Why is Marcos Jr. such a popular presidential candidate?

With the May 9 presidential elections approaching, several news reports and election observers are still concerned with the question of how presidential candidate Ferdinand Marcos Jr., the son of a former dictator, managed to take a clear lead in the election polls.

The U.S. news organization Mother Jones summarizes the apparent contradictions of his campaign as follows: ‘Marcos Jr. was convicted of tax-related charges in the 1990s, but never served prison time — he has refused to debate his rival candidates, avoided any serious interviews, and relied on a massive disinformation campaign to deflect any criticism as “fake news”.’ However, these disinformation campaigns are not new. Since Marcos Jr.’s father and dictator was overthrown through the People Power Revolution in 1986, the family has been engaged in systematic whitewashing to maintain their political dynasty and slowly re-establish them in local and also possibly national politics. Now, less than two weeks before the election, Marcos Jr. described his father as a “political genius” and his mother as the “supreme politician”.

Communications professor Cheryll Soriano looked into the mechanisms at work in Marcos Jr.’s long-term disinformation campaign and exposed narrative networks on YouTube. Algorithms provide viewers with similar and thus confirming content, which creates a feeling of having “discovered the truth”. Soriano identified the following central narratives: (1) pride and hope: the Philippines as a former great power (under Ferdinand Marcos Sr.) and the possibility of regaining such status; (2) Filipino nationals no longer have to leave their homeland and be “enslaved” abroad; (3) the aspiration to establish a “real democracy”; (4) the identity of Marcos as the greatest leader should cast doubts about corruption allegations; the “gold” of the Marcoses should also pump up the Philippine economy.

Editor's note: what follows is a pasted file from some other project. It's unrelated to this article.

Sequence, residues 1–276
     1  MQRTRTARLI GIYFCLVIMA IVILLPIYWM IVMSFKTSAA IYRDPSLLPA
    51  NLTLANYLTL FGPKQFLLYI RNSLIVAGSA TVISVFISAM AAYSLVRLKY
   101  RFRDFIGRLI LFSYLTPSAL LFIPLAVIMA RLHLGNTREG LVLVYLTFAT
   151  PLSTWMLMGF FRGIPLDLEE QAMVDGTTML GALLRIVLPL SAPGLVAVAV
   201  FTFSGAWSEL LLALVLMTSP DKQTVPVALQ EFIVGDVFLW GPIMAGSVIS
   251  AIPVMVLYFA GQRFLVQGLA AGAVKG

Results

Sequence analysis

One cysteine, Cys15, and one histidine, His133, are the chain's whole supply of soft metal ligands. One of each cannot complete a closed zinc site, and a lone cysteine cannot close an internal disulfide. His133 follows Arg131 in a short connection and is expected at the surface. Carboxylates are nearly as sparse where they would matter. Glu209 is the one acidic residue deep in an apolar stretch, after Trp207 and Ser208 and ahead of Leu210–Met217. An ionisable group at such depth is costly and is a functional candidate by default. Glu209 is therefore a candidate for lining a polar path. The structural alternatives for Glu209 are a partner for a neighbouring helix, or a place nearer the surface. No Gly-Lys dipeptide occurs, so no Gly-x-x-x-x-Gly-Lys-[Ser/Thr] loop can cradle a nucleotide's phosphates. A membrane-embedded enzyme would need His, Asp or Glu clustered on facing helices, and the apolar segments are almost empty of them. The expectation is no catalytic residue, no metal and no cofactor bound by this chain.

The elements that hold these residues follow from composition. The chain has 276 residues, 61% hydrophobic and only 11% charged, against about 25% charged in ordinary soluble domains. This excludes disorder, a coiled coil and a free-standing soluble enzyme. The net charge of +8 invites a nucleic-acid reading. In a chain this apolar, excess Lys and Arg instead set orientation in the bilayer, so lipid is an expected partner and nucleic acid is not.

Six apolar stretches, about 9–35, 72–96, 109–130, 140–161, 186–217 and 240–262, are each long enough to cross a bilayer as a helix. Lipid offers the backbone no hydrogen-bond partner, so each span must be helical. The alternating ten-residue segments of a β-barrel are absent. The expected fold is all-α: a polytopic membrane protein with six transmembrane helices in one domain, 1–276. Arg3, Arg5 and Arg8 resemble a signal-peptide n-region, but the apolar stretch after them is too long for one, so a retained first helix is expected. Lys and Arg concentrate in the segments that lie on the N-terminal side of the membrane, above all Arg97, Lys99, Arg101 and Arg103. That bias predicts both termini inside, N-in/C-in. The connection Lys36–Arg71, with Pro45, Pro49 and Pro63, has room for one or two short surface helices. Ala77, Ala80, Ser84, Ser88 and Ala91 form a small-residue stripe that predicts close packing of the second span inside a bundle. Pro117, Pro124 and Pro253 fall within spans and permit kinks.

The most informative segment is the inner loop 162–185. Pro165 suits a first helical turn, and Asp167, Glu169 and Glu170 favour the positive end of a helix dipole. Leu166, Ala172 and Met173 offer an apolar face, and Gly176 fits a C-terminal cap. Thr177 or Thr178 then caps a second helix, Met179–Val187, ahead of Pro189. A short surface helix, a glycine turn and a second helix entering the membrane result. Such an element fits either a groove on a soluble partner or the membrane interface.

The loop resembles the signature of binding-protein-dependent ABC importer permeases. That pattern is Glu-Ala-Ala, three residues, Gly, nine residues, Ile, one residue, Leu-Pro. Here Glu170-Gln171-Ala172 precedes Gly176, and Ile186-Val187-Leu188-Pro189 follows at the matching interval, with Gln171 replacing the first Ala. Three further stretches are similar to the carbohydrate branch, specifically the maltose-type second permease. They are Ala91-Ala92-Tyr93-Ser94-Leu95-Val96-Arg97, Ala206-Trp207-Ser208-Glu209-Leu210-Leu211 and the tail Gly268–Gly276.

So far, Ferdinand Marcos Jr. refused the participation at almost all panel discussions and official election debates – except for an event organized by the SMNI network of controversial pastor Apollo Quiboloy, who is close to Duterte. ‘The country needs to know what [Marcos Jr. and Sara Duterte] stand for. […] It’s an insult to the youth that they don’t appear in debates’, pointed out vice presidential candidate Walden Bello. If elected, Marcos Jr. wants to prioritize pandemic response and economic recovery. Other points in his agenda include support for the agricultural sector, decongestion of traffic in Metro Manila, promotion of renewable energy and continuing counterinsurgency. He also wants to negotiate a solution to the conflict in the South China Sea together with the Chinese Government and strengthen the bilateral relations with the United States and Russia.

Further readings on the topic:

Tracking the Marcos disinformation and propaganda machinery – Rappler

How the Philippines’ brutal history is being whitewashed for voters – The Washington Post

Updates on the 2022 elections – German Action Network Human Rights – Philippines (AMP)

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